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Ichiro the Asset

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There are those who bitch about Ichiro Suzuki and his salary and have been for ever and ever. That the team shouldn't pay as much as they do for a singles hitter, or whatever their language of choice. We know that's a lame and incomplete argument. Here is a chart I put together that I think shows how wrong it has been to criticize Ichiro's salary.

Ichiroasset_medium

I think the chart contains everything you need to know, but here are the definitions for the data. Value is the average Baseball-Reference and FanGraphs WAR for Ichiro, multiplied by my best guess for the free market cost per win. Cost comes from Cot's Contracts and adding up all the base salaries, signing bonuses and award incentives stated. Surplus (the black line) is cost subtracted from value. Since Ichiro was not subject to the same sort of cost control rules that normal MLB players are, the purple line represents my best effort to illustrate Ichiro's surplus value adjusted for him not developing through the minor leagues and thus affording the Mariners the first three years of absolute team control. The Mariners paid Ichiro roughly $20 million in his first three years.

The black line increases every single year until 2010 when it flat lined (Ichiro produced almost exactly his salary last season) and then has dropped steeply this season. That means that Ichiro with his on field performance alone, more than earned his keep every year from 2001-9. He matched it in 2010 but has been a "toxic asset," to borrow a phrase, this season. Even after this terrible year, Ichiro's cumulative net return for the Mariners is nearly $50 million and again that's on field only. I cannot quantify how much he's brought the team in merchandising, higher TV/radio fees, higher franchise valuation, higher gate receipts and so on but I'm pretty sure it's more than $0.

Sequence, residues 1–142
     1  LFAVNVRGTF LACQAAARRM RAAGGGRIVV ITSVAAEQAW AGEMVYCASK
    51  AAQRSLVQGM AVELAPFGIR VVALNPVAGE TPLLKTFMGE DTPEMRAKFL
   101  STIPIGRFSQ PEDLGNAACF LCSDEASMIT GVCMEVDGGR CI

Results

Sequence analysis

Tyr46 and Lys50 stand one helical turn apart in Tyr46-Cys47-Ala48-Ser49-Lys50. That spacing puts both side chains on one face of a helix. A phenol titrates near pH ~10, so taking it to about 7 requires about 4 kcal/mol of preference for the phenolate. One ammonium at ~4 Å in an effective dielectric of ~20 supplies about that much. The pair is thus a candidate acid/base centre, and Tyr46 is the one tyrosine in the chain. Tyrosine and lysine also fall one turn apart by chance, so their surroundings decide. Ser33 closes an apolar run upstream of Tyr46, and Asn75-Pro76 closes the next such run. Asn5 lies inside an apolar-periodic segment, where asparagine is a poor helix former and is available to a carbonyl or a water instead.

Granted, Ichiro's contract now looks bad. The first three years worked out though. This fourth one has turned it into a bit of a negative and with his high salary next year, will be difficult to overcome. Ichiro needs about a 5-WAR season in 2012 to break even on his 2008-12 contract assuming the market doesn't go bonkers this winter. That's not impossible since, Ichiro, but seems unlikely. Nevertheless, I feel and I believe this chart demonstrates, just how much goodwill (if you use accounting as a basis) Ichiro should have stored up (from the fans at least) from his previous less-gaudy paydays.